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mortgage types available

What Mortgage Types are Available?

There are two main mortgage types available: those with a fixed interest rate (for which you pay the same rate every month) and those with a variable interest rate (where the rate will rise or fall contingent upon the economic environment). This article discusses the ins and outs of getting a mortgage in the UK.

Mortgages with a fixed rate

The vast majority of mortgages in the UK, both for first-time buyers and current homeowners refinancing, are fixed-rate loans. Many people prefer this type of mortgage because it provides certainty and allows them to better budget their monthly expenses.

Fixed-rate mortgages are useful because they mean your monthly payments will stay the same no matter what happens to the base interest rate set by the Bank of England (BoE). In recent months, the BoE has raised the base rate several times and likely will again in the near future, making fixed-rate mortgages even more attractive as an option.

Although mortgages with fixed rates for 3, 7, 10, and even 15 years are available, the most popular loan lengths are 2 and 5 years.

You will have to remortgage after your fixed-rate period ends. If you don’t, your interest rate will go to the lender’s SVR, which is almost always substantially higher. Don’t wait until your mortgage term has ended or is close to ending, speak with your lender, and indeed, other lenders, at least six months in advance to give you time to find a suitable option.

Tracker mortgages

The interest rate on a tracker mortgage is a variable that is pegged to the Bank of England base rate in addition to a set percentage.

With a base interest rate, for instance, of 3.5 percent. Your rate would be 5.5% if your tracker was “base rate plus 2%.”

Increases in the base rate will result in higher loan payments. Generally speaking, if it decreases, your monthly payment will decrease as well. However, the decrease does not always mean you will pay less, other factors also come into play.

This is due to the fact that the interest rate on some tracker mortgages is capped at a predetermined ‘collar’ level. This implies that even if the base rate drops, it’s possible that your payments won’t decrease proportionately.

Mortgage trackers, similar to conventional fixed-rate loans, feature an introductory discount period (most commonly two years). If you don’t remortgage before this period ends, your loan will be converted to the lender’s standard variable rate.

mortgage types available

Discount mortgages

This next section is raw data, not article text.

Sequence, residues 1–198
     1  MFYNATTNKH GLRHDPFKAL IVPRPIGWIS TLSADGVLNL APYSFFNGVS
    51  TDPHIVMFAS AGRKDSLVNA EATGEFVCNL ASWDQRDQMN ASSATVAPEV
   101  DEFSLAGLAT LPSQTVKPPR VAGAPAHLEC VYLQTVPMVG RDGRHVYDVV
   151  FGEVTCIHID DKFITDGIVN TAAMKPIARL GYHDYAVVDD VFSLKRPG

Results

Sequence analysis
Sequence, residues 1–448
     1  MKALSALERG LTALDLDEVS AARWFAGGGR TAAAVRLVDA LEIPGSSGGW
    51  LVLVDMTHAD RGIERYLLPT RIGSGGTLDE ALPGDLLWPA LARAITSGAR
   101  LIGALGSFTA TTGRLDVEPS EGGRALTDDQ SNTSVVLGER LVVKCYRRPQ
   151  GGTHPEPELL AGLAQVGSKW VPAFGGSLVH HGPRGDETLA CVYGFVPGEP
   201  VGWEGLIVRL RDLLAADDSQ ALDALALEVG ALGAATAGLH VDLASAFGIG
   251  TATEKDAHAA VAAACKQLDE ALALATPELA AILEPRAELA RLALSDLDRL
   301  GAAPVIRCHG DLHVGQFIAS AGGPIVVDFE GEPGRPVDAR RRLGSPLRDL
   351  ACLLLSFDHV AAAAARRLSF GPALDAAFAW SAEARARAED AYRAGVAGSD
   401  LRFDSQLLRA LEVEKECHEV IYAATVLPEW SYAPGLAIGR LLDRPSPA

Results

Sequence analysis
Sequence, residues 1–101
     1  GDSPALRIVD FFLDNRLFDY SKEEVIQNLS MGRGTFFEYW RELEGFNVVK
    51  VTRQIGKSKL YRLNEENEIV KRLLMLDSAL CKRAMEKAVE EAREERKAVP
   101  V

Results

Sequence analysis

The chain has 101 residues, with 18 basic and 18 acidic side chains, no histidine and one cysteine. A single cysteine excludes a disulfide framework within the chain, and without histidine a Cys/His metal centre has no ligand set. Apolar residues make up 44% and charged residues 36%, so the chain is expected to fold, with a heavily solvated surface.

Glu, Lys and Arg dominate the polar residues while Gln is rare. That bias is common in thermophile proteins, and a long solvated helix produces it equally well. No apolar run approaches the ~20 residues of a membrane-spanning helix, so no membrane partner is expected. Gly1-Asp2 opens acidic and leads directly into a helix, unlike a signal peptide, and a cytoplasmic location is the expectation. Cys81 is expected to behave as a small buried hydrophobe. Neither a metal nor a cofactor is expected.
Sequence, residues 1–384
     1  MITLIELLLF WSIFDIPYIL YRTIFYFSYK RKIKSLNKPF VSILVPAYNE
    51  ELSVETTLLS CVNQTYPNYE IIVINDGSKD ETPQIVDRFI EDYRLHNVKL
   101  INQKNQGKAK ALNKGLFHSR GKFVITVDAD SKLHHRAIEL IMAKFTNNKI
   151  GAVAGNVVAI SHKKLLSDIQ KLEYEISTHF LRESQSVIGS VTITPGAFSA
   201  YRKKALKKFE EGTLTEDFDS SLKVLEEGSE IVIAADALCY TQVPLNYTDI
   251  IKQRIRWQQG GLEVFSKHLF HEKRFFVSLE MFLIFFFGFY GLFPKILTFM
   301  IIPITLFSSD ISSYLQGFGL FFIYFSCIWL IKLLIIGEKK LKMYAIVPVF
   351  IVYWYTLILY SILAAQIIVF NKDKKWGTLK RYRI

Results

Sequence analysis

This type of mortgage is a variable-rate option that will charge the lender’s SVR minus a fixed margin.

This means that if your lender’s SVR is 5%, and your contract charges the SVR less 2%, your effective rate will be 3%.

Your payments will increase if the lender raises its SVR in response to market conditions (such as an increase in the base rate). You’ll save money if the SVR falls.

The standard introductory period for discount mortgages is two years.

Standard variable rate mortgages

An SVR is something that may be determined by the individual lending institution at the level they see fit. Most of the time, a SVR has a much higher interest rate than a fixed mortgage, a tracker mortgage, or a discount mortgage.

SVRs are seldom adjusted but remain constant. Despite the fact that they are not specifically related to the base rate, it frequently affects them.

If the BoE base rate increases by 0.25 percentage points, for instance, lenders are not obligated to increase their SVR by the same amount, though many do as a result.

The advantages and disadvantages of these mortgage types 

Fixed-rate mortgages

Advantages of fixed-rate mortgages:

  • Your interest rate will stay at the introductory rate for the whole length of the contract, no matter how the market changes.
  • If you want the security of a regular monthly payment, this is a good option to consider.

Disadvantages of fixed-rate mortgages:

  • Your monthly payment might be higher than it would be with a variable-rate mortgage if interest rates dropped.

Tracker mortgages

Advantages of tracker mortgages:

  • If the base interest rate drops, so will your monthly payment (unless your deal has a collar set at the current rate).